Peeling
Peeling or delamination is a loss of adhesion between a paint film and the substrate (the material being painted) causing sections of paint to separate from the surface—and though all paint problems are aggravating, there’s nothing worse than leaving the driveway with a shiny new paint job and arriving at the donut shop in a bare metal car. Peeling is most commonly caused by poor surface preparation, usually insufficient sanding or cleaning. But, there are other causes too—like omitting or using the wrong primer for your substrate (the surface being painted), exceeding the paint products recommended recoat time, or in the case of clearcoat colors—spraying the colorcoat too dry, using an incompatible clearcoat, or incorrect colorcoat reduction. You can prevent peeling by, again, reading the damn instructions for the products you’re using, properly cleaning and sanding your substrate, using the correct undercoats (primers) for your substrate, and making sure you topcoat within the recommended flash times for the material you’re using.

Pinholing
Pinholing occurs in and over body filler or putty when air bubbles are trapped inside the fillers during mixing. These bubbles are then exposed during sanding creating small holes or craters in the surface. Sometimes the air or gas trapped in these pinholes will effect the topcoat by rising to the surface. Filler caused pinholing problems are often created during the mixing of the hardener when you whip the filler/hardener mixture in a rapid circular motion. Keep in mind, you’re not makin’ a cake—filler should be mixed by consistently folding the mixture over itself until the hardener is fully dispersed. Too much hardener will also cause pinholing to become more likely. One last possible cause is excessive filler thickness. Globing on huge dollops of filler (rather than trying to repair a dent) produces a lot of heat as the filler/hardener mixture catalyzes and could cause gas formation and pinholing. If you do end up with a pinholing (and you notice it before painting) situation you can apply a thin coating of spot putty or polyester glazing putty and sand it smooth, filling the pinholes and hopefully correcting the problem—Though this route is more of a Bandaid.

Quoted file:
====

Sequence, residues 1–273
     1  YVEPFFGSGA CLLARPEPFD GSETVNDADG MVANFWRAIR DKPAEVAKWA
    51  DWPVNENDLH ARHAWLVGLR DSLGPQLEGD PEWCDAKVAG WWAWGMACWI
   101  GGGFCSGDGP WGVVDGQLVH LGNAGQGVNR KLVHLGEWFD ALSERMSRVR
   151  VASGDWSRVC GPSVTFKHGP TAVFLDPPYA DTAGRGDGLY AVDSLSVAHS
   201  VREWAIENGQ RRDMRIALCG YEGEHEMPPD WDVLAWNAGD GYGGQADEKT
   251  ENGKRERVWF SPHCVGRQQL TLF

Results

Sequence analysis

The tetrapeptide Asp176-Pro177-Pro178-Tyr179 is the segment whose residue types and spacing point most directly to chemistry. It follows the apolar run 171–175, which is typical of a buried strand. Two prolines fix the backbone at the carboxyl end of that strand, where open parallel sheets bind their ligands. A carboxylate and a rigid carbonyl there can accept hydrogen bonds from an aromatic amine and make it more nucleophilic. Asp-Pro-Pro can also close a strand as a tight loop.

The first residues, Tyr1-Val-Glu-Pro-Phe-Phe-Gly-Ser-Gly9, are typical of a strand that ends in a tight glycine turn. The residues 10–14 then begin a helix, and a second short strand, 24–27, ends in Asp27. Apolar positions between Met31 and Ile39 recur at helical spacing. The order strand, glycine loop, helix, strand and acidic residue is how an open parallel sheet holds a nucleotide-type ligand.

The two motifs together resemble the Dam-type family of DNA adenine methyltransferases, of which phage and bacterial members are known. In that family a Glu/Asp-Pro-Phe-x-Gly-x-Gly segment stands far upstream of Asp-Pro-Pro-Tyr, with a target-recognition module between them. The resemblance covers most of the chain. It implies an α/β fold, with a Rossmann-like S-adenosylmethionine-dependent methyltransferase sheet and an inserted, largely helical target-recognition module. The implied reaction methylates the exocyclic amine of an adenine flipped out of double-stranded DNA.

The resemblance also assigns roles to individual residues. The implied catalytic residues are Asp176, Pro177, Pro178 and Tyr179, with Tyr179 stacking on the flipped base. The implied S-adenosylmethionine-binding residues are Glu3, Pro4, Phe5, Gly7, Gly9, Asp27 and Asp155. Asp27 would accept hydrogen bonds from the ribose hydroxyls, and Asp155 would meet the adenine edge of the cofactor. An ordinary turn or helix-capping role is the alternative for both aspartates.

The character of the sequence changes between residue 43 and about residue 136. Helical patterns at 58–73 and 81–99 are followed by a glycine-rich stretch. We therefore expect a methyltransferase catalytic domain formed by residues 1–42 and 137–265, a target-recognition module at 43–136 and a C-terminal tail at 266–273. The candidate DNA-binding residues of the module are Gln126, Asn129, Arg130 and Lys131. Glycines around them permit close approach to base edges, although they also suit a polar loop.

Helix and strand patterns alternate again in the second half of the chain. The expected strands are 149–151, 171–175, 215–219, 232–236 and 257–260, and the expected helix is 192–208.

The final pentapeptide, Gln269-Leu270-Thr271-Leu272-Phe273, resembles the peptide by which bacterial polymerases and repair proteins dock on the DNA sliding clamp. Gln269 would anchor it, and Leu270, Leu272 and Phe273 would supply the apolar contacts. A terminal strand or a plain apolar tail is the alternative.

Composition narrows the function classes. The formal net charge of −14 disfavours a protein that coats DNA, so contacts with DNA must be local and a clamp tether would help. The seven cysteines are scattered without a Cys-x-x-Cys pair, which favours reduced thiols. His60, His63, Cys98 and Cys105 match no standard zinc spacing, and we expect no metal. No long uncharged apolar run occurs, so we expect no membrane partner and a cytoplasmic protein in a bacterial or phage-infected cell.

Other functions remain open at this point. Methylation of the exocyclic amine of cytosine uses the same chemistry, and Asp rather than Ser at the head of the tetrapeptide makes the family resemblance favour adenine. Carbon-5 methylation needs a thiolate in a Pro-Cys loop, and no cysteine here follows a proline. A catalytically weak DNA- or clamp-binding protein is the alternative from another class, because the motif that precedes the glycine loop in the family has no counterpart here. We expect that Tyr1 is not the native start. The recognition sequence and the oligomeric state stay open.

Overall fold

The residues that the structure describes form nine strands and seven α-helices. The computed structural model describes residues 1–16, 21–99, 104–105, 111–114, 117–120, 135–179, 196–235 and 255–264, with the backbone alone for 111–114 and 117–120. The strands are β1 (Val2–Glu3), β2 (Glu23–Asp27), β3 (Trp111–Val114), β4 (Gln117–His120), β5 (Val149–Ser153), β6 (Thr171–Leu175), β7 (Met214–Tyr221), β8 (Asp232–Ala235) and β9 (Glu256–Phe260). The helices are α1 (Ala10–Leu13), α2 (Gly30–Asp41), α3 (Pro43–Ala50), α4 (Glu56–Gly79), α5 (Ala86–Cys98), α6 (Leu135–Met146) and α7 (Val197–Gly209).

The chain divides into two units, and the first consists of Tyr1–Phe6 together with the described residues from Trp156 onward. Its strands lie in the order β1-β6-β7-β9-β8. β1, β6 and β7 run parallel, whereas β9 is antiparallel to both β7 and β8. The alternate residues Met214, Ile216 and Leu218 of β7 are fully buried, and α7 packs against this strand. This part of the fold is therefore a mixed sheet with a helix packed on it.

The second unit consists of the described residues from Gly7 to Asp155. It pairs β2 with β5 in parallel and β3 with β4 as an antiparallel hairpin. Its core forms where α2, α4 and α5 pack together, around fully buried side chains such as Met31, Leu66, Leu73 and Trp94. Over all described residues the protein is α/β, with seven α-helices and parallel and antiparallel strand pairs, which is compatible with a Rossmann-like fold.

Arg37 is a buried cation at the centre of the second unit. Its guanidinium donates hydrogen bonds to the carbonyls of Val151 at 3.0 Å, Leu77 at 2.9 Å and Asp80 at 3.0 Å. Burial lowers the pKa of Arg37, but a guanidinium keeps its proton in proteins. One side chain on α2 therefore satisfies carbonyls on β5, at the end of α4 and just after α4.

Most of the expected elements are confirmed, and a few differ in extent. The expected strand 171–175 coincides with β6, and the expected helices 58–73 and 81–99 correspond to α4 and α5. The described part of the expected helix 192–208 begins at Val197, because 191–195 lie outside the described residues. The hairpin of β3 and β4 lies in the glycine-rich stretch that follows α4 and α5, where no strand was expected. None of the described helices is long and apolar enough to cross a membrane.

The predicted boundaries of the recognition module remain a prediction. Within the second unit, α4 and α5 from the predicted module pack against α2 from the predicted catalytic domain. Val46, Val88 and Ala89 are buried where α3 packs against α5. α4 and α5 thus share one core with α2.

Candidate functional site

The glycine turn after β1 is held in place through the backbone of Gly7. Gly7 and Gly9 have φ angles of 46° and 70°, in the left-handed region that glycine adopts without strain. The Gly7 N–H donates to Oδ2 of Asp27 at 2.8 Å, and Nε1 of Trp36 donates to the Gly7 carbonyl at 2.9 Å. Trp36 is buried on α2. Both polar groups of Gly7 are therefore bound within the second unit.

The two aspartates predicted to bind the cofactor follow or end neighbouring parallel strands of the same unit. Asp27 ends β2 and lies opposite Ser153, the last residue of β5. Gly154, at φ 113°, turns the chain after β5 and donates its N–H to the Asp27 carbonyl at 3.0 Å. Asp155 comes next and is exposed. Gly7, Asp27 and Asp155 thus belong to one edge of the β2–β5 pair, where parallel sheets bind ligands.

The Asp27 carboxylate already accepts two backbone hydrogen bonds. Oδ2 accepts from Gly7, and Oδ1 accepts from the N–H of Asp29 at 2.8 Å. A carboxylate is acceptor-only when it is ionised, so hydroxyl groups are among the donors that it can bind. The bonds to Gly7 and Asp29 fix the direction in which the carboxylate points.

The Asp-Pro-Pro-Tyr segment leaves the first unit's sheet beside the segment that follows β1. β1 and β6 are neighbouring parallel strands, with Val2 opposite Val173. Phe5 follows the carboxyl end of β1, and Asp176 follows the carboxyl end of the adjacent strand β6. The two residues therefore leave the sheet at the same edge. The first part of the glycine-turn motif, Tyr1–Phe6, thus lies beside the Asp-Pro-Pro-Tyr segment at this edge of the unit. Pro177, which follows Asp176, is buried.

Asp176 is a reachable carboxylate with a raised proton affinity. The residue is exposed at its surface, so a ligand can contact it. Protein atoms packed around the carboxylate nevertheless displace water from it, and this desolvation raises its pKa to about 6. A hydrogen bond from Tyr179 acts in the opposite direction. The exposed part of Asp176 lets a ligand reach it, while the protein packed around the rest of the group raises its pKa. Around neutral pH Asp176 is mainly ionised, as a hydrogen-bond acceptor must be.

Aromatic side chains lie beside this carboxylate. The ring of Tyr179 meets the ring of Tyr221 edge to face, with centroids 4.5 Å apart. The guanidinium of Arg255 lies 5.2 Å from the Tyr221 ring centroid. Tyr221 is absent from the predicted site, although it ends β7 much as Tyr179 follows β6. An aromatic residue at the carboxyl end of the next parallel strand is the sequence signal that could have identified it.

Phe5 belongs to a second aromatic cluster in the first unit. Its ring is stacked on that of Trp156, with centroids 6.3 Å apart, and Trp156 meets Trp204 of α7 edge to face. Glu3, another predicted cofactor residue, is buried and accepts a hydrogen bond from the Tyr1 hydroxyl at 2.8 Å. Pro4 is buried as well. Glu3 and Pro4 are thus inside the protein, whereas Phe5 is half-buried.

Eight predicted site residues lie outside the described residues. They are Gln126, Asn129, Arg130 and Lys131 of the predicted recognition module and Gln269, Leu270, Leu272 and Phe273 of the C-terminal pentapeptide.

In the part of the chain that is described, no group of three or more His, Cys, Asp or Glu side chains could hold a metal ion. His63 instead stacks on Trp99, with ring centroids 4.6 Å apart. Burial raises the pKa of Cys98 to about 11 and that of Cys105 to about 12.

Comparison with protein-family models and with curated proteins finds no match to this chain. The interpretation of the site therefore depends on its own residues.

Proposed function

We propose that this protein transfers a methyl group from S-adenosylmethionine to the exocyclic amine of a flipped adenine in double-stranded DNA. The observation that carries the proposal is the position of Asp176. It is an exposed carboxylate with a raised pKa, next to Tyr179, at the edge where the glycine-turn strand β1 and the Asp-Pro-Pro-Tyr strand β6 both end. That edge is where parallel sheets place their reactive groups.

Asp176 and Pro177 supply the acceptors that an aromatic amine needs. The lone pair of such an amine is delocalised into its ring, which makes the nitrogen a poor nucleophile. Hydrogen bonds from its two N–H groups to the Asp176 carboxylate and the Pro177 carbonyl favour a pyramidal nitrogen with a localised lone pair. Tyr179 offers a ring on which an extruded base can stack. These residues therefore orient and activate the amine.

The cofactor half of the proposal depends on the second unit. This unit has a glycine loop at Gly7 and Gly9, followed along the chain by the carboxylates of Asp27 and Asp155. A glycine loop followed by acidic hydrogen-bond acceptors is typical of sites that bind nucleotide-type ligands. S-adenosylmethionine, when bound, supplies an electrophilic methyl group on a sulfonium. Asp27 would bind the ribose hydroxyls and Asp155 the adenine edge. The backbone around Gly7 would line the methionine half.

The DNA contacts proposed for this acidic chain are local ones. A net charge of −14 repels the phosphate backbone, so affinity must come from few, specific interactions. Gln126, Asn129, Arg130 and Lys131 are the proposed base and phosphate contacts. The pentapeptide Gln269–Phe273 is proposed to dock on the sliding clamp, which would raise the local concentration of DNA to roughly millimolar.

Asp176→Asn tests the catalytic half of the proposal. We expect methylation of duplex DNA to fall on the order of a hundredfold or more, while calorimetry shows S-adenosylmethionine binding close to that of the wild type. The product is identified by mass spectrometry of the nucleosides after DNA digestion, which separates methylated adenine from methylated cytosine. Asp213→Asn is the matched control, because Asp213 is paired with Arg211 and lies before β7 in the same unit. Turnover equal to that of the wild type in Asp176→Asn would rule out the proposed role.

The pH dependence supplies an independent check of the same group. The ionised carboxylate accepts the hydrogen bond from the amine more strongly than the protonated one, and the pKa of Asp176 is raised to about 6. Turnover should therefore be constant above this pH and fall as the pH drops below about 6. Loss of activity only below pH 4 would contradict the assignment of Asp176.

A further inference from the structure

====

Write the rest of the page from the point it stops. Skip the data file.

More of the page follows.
Sags
Also sometimes known as runs, hangers, or curtains—sags are, along with dust, one of the most prolific paint problems for the hobbyist or occasional painter. I have to admit, in my many quests for slick finishes I’ve created way more than my share of curtains in my day. The most common causes are holding the gun too close to the surface, moving too slowly across a panel, and double coating an area. Over thinning/reducing is also a possible cause along with trying to paint in an environment that is too cold (I’ve done that one too). To fight runs and sags you’ve gotta hold your gun perpendicular to the surface and keep your gun a steady and correct distance from the panel, all the while moving your gun fast enough that you don’t pile the paint on yet slow enough to get good coverage and flow—a process that comes with practice and experience. “If you do sew some curtains,” in some cases you can wipe the area with a solvent wetted rag and then clean and respray the area (seldom a first choice), or you can keep on going and wait till the paint fully cures and then sand and buff or sand and respray.